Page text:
Just sittin’ out on my porch drinking my morning coffee and enjoying the view. There are gorgeous white puffy clouds in the sky, the corn looks fantastic and the soybeans are coming along nicely. We have had some much-needed rain in my area that has made a difference. There are still some other areas that are very dry.

The hummingbirds are flocking to my feeders. I have a large one and a small one and both were empty this morning, so my first chore for the day was to get my birds fed. I have to refill the feeders every day. I have counted as many as 10 feeding at one time. Trying to count a lot of hummingbirds as they flit and fight is not an easy chore!

My son and daughter-in-law were here yesterday and brought along pictures of their recent cruise to Alaska. The pictures were beautiful and very interesting. The size of the icebergs was hard to believe. They definitely have not all melted yet! There were 3,000 people on their cruise ship. They had a picture of four cruise ships docked at one of the towns at the same time; one held 5,000 people the other three held approximately 3,000 each. That is a lot of tourists descending on a town at the same time. Over a million tourists visit Alaska between May 1 and Oct. 1. Tourism is definitely very important there.

Coats, toboggans and gloves were the fashion style for the trip. It was difficult to adjust to the sun rising at four o’clock in the morning and dark not occurring until midnight. The temperature on one of the mountains that they went up was in the low 30s. They saw a mountain goat there. All supplies must come in by boat or airplane and boats and seaplanes are everywhere. Once the tourist season ends many of the people leave the cities and live elsewhere, as getting supplies in during the bad winter weather is so difficult. Doctors and dentists are flown in to the cities at various times to take care of the people’s needs.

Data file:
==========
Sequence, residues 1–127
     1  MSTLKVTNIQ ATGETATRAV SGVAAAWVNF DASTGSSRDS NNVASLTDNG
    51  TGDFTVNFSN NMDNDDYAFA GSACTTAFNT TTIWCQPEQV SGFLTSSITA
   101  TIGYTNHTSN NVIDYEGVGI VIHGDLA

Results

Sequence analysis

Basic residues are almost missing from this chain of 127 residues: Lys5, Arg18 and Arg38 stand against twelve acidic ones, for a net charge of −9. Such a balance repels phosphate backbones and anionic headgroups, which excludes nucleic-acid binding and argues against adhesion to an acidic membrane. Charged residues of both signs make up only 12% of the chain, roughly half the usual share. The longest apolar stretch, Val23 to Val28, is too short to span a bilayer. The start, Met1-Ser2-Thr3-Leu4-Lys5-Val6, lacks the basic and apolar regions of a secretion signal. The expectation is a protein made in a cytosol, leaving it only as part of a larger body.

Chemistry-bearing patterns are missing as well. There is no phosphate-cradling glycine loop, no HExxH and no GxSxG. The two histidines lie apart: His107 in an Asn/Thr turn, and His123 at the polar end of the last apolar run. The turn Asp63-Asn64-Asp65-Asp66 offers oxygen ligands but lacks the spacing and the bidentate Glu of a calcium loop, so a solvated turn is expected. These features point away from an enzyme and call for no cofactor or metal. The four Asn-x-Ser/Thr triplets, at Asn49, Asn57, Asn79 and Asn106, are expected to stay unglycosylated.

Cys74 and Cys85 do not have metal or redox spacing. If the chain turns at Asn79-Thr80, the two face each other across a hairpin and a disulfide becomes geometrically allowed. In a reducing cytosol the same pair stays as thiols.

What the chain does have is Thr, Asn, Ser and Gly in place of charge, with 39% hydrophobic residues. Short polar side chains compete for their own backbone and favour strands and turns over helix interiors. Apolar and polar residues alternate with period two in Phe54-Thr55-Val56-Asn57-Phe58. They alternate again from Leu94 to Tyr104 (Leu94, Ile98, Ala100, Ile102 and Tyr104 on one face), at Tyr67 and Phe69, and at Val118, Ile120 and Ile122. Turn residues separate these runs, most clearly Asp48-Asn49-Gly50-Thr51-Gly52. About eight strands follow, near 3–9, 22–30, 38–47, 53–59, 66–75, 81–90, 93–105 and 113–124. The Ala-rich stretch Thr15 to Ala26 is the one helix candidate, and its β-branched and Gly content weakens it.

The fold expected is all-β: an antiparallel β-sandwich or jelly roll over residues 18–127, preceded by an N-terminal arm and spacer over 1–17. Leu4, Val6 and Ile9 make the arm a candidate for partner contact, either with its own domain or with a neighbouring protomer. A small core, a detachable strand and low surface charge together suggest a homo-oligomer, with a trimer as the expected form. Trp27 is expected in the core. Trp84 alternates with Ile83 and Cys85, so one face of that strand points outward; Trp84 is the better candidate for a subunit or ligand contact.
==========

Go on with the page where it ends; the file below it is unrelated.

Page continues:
The cities they visited were Juneau, the capital, population approximately 30,000; Skagway, approximately 1,000; and Ketchikan, approximately 8,000. In Katchikan, the main businesses for years was a cannery and lumber. The Tongass National Forest is located there. It covers 16.7 million acres and averages 3,000 trees per acre. A total of around 50 billion trees. In the mid ’90s laws were passed to stop the harvesting of the trees, so now tourism is vital to that area.

There is no livestock in those areas. There is nothing for the livestock to eat, and if there were any there the bears would eat them! So no cows! A driver on one of their tours told them that the cost of a gallon of milk is $6. Could we load up a few plane loads of our surplus milk and send it to Alaska?

While Alaska is beautiful and interesting, I think I will just stay here in Ohio. While I won’t see whales, bald eagles, mountain goats, sea lions and bears (on second thought there have been some bears seen here), this week I will be "cruising" to Lisbon, where I will enjoy seeing beautiful cows and great people at the Columbiana County Fair Dairy Show. I am looking forward to it!